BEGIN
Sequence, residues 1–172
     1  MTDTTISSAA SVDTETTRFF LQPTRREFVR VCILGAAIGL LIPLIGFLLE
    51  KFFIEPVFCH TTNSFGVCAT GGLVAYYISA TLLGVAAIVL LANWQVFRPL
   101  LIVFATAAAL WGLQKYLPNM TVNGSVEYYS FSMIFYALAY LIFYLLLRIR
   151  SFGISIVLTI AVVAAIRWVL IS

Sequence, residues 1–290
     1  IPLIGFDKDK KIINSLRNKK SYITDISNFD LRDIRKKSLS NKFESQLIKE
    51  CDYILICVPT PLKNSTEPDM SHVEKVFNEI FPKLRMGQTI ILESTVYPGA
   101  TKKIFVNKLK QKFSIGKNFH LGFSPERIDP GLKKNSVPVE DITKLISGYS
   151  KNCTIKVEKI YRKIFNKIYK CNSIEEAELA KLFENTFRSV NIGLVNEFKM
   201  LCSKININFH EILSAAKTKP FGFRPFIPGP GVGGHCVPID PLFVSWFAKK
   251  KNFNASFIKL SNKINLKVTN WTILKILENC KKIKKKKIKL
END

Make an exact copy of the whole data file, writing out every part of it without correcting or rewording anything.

Sequence, residues 1–172
     1  MTDTTISSAA SVDTETTRFF LQPTRREFVR VCILGAAIGL LIPLIGFLLE
    51  KFFIEPVFCH TTNSFGVCAT GGLVAYYISA TLLGVAAIVL LANWQVFRPL
   101  LIVFATAAAL WGLQKYLPNM TVNGSVEYYS FSMIFYALAY LIFYLLLRIR
   151  SFGISIVLTI AVVAAIRWVL IS

Sequence, residues 1–290
     1  IPLIGFDKDK KIINSLRNKK SYITDISNFD LRDIRKKSLS NKFESQLIKE
    51  CDYILICVPT PLKNSTEPDM SHVEKVFNEI FPKLRMGQTI ILESTVYPGA
   101  TKKIFVNKLK QKFSIGKNFH LGFSPERIDP GLKKNSVPVE DITKLISGYS
   151  KNCTIKVEKI YRKIFNKIYK CNSIEEAELA KLFENTFRSV NIGLVNEFKM
   201  LCSKININFH EILSAAKTKP FGFRPFIPGP GVGGHCVPID PLFVSWFAKK
   251  KNFNASFIKL SNKINLKVTN WTILKILENC KKIKKKKIKL